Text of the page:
Merck Sends Hepatitis C Drug Application to FDA

Merck has joined the competition to develop the next hepatitis C drug with its submission of a New Drug Application to the Food and Drug Administration for a once-daily pill to treat certain genotypes of the liver-damaging virus

Pharmaceutical giant Merck has joined the competition to develop the next hepatitis C drug with its submission of a New Drug Application to the Food and Drug Administration for a once-daily pill to treat certain genotypes of the liver-damaging virus

The NDA seeks approval of grazoprevir/elbasvir, a combination regimen investigational drug that would be taken once daily as treatment for adult patients with chronic infection of hepatitis C genotypes 1, 4 and 6, according to a company release. Grazoprevir is an NS3/4A second-generation protease inhibitor and elbasvir is a potent NS5A inhibitor.

The FDA has 60 days to decide whether to accept Merck’s application as it was submitted. A Merck representative said the application is a significant step in the company’s hepatitis C drug development plan.

“Merck's submission is based on evidence from our wide-ranging clinical program assessing the efficacy and tolerability profile of grazoprevir/elbasvir in populations with chronic hepatitis C,” Roy Baynes, MD, PhD, senior vice president of clinical development of Merck Research Laboratories said in the release. “This submission to the US FDA is an important milestone as we seek to provide patients with a new treatment option for this serious infection.”

Hepatitis C is a blood borne virus that if left untreated can turn into a chronic infection and over time damage the liver, leading to cirrhosis, liver cancer, or the need for a liver transplant. An estimated 150 million people are infected with the disease worldwide and as much as 500,000 deaths each year are related to hepatitis C liver disease, according to the World Health Organization.

The virus has a high degree of genetic diversity and treatment may vary depending on the genotype of the patient being treated. Merck’s drug application seeks approval for treatment of three of those genotypes, including genotype 1- the most prevalent worldwide that accounts for almost half of all cases - as well as genotypes 4 and 6.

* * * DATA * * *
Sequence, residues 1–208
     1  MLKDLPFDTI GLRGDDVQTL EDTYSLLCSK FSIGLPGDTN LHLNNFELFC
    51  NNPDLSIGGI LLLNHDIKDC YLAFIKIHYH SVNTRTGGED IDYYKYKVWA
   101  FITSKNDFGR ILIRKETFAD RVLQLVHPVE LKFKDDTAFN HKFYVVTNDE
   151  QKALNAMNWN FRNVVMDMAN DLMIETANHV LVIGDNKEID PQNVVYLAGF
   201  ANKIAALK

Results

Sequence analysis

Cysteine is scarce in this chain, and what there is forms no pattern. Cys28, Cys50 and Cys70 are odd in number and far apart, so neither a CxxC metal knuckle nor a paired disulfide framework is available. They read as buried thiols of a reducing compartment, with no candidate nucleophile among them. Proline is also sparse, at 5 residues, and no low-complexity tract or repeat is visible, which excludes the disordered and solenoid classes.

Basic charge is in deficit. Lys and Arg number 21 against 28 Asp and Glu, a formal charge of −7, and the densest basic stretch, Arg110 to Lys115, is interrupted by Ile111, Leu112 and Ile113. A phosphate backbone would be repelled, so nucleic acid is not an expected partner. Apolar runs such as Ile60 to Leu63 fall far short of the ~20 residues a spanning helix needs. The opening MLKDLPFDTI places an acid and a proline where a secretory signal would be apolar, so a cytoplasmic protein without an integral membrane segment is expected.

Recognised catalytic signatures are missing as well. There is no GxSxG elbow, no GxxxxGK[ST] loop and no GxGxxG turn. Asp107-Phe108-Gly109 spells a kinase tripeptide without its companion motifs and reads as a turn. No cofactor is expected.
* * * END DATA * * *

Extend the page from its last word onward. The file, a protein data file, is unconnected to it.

As part of the NDA submission, Merck included data results presented earlier this year at the International Liver Congress from clinical trials that tested grazoprevir/elbasvir in 100 mg and 50 mg doses. The studies include the pivotal C-EDGE clinical trial program and the C-SURFER and C-SALVAGE trials that evaluated the investigational drug with or without ribavirin in patients with chronic hepatitis C infection, the release states.

Reported response rates ranged from 92-100% among patients with genotypes 4 and 6 and 80% among those with genotype 6, according to results presented during the congress. Merck is also testing its drug for co-infection of hepatitis C and HIV, advanced kidney disease and inherited blood disorders.

The FDA previously granted Breakthrough Therapy designation for grazoprevir/elbasvir for hepatitis C treatment of patients with genotype 1 and end stage renal disease on hemodialysis and for patients with hepatitis C genotype 4. The designation is given for investigational drugs that could significantly improve the safety or effectiveness of treatment of a serious condition when compared to drugs currently available.